Ottawa / Mary Papatsie -40- Missing -April 2017 - Ottawa -Ont.
« Last post by Long Gone on October 05, 2017, 05:10:29 AM »

Somebody out there has to know:' Police, family plea for information about Inuit woman missing since April


Mary Papatsie has not been seen in more than 150 days.

During those five months, there has been little public attention to her disappearance. There has been no mass mobilization.

Just a few police news releases, and a growing sense of despair among those who loved her.

Her family clings to a stubborn hope ? that someone, somewhere must know something.

The Ottawa woman, a mother of 10, seems to be slowly but surely fading into the ranks of Canada?s missing and murdered Indigenous women.

As families and supporters of missing and murdered women gathered at Parliament Hill on Wednesday for a national vigil, Papatsie?s disappearance was briefly captured a spotlight that has largely eluded it, the still-raw pain of her family and friends on full display.

?Somebody out there has to know. There has to be someone out there. Please give us information and give us hope,? said her brother, July Papatsie.

?I just want to say if she?s still out there, do the right thing.?

The Inuit woman has lived in Ottawa for about 10 years. Papatsie, who turned 40 in September, may have been living on the street on Montreal Road at the time of her disappearance. She was known to frequent the area across the street from the Jean Coutu drugstore in Vanier at the corner of Montreal Road and B?gin Street.

The last credible sighting of her was in late April, according to police.

Her disappearance, however, went unreported for five weeks, layering time onto the other difficulties authorities face in locating her.

On June 11, police released their first terse bulletin, requesting the public?s help. Papatsie was described as five feet, two inches tall, 140 to 160 pounds, with long, straight hair and a scar above her left eye from a piercing.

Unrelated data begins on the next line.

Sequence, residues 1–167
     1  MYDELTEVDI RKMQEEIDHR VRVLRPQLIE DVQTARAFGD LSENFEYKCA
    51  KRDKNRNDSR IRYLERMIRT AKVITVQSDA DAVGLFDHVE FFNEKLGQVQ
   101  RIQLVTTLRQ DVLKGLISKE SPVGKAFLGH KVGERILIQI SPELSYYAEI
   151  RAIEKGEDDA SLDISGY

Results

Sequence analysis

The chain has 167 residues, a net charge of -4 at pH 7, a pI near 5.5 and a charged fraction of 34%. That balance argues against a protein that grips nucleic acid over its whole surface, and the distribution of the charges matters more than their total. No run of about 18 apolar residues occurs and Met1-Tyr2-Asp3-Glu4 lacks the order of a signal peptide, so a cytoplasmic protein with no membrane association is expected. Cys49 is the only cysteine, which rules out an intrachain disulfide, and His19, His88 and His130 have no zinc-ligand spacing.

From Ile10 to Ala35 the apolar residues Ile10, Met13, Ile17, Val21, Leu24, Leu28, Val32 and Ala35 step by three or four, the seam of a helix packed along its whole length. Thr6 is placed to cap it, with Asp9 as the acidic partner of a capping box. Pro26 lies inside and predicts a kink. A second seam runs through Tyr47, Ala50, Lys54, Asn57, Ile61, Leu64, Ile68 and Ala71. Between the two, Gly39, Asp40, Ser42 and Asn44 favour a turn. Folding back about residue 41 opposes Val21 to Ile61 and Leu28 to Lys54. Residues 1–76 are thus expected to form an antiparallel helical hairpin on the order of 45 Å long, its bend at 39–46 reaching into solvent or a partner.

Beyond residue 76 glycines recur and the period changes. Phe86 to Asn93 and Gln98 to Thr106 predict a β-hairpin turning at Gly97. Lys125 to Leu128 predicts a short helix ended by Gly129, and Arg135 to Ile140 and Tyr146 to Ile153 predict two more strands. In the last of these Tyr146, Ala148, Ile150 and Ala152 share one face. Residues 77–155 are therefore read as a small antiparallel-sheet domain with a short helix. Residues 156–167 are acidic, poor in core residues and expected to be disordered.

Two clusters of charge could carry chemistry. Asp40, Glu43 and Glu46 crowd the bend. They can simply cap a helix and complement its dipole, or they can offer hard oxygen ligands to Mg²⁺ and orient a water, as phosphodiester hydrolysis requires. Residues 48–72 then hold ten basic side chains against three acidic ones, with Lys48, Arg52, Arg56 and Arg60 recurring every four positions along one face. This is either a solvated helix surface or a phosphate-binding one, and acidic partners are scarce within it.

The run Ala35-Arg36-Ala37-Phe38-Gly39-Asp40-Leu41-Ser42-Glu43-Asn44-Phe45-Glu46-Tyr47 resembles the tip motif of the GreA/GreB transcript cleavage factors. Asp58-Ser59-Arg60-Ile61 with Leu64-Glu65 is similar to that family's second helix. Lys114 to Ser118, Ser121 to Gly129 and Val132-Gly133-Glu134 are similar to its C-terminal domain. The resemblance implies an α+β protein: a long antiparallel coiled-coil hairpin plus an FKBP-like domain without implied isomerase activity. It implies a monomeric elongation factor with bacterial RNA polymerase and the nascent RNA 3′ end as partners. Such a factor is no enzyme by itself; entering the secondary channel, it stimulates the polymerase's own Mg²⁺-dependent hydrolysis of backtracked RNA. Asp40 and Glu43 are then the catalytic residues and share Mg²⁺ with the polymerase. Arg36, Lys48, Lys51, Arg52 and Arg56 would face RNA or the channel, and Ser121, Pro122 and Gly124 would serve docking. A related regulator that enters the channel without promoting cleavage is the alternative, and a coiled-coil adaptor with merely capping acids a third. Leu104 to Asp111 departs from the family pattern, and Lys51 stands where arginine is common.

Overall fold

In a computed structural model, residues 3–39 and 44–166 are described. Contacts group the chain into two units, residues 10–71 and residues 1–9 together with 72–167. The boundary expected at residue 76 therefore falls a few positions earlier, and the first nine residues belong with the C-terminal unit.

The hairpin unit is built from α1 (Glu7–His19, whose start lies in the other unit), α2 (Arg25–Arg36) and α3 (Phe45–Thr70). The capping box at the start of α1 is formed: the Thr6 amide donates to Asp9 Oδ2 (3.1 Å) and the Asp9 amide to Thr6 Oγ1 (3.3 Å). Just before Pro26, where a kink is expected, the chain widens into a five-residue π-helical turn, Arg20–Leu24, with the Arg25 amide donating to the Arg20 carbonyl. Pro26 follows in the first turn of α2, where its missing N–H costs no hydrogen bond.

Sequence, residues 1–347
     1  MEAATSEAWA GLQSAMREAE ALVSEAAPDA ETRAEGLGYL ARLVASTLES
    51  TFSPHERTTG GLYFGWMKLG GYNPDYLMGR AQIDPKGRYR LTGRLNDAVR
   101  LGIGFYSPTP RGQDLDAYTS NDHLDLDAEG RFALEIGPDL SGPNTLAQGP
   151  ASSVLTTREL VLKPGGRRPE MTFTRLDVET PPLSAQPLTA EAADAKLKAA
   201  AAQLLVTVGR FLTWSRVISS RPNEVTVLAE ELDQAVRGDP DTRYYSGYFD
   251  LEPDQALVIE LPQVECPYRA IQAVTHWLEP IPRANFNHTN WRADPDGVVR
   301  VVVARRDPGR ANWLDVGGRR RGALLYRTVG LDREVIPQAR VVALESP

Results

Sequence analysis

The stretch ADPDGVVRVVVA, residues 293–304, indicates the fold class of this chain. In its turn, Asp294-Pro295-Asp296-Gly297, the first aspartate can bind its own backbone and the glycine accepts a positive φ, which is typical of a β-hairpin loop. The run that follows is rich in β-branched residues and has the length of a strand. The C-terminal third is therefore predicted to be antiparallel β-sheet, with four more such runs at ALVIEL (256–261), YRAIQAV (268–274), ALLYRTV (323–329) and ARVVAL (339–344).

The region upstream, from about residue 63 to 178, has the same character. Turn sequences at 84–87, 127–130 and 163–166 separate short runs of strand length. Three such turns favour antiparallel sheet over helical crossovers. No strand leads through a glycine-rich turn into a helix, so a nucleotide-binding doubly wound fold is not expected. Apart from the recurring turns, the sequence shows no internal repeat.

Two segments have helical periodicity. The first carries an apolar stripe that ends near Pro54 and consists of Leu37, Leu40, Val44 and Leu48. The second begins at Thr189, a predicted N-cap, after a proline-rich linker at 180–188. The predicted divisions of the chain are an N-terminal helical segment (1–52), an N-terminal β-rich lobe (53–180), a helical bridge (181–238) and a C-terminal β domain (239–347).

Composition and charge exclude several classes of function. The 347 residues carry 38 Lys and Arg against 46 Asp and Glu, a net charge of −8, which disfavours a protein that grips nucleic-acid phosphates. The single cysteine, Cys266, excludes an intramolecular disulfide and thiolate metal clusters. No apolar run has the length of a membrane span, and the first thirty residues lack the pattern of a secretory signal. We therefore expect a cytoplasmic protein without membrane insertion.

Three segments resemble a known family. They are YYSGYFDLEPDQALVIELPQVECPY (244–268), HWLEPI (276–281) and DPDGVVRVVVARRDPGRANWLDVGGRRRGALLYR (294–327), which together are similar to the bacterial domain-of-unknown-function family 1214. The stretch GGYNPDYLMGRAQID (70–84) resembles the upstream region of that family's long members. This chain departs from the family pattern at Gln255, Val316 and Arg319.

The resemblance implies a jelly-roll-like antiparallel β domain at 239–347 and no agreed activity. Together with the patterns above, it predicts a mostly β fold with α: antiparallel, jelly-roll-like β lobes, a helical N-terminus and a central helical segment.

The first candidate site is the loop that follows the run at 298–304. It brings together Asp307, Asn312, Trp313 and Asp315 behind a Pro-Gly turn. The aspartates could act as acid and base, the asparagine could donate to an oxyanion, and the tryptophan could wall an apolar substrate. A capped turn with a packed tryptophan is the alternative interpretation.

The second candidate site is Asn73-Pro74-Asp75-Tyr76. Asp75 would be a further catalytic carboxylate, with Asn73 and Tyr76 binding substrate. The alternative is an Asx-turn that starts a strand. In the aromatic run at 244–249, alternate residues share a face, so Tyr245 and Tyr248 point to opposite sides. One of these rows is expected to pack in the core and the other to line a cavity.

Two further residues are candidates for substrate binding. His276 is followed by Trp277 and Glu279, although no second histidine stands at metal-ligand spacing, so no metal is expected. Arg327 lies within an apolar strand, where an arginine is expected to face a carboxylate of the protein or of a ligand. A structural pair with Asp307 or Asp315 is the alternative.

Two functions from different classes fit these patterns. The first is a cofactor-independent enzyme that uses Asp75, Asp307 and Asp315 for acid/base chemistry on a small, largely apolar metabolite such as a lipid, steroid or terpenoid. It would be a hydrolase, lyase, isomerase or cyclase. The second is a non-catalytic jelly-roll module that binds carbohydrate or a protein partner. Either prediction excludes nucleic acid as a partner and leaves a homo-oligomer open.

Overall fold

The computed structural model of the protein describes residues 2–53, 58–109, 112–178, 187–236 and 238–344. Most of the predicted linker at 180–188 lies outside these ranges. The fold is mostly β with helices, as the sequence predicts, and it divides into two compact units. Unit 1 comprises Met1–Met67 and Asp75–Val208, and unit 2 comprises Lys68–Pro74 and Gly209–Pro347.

By July 17, the investigation had been upgraded, with the Ottawa police major crime unit taking over the file ?due to some red flags suggesting this isn?t just a case of a missing person.?

Major crimes unit Staff Sgt. Bruce Pirt said police are following every lead.

?We?ve had boots on the ground for a long time,? he said.

July Papatsie, Mary?s niece Charlotte Lee and Rachel Quinn, the adoptive mother of Papatsie?s youngest son, Joshua, all stood on the steps of Parliament Hill on Wednesday with photos of the woman who was raised in Pangnirtung on Baffin Island.

She also has two sisters in town, said her brother. She was often in contact with family members. Her oldest children are teens. Two of her children have been adopted and two others are no longer in her care, but friends and family said Papatsie was a loving woman whose disappearance has been painful to all who knew her.

?She was really caring. She would always make sure that me and my son were OK and we had everything we needed,? said Charlotte Lee. ?She would give her last water to help people who were on the street.?

Rachel Quinn said she adopted Joshua when he was 10 weeks old. He is now 4 1/2 years old. Joshua has only met his biological mother twice, but both occasions have been among the happiest of Quinn?s life, she said. She said she has made it her mission to draw attention to the disappearance.

?The more publicity, the better,? said Quinn. ?It just takes one person to see her face. She?s a mother and a sister and a friend. Many, many people miss her. These people need to know and deserve to know.?

Papatsie has a deep and immense love for her children, even if she couldn?t care for them, said Quinn.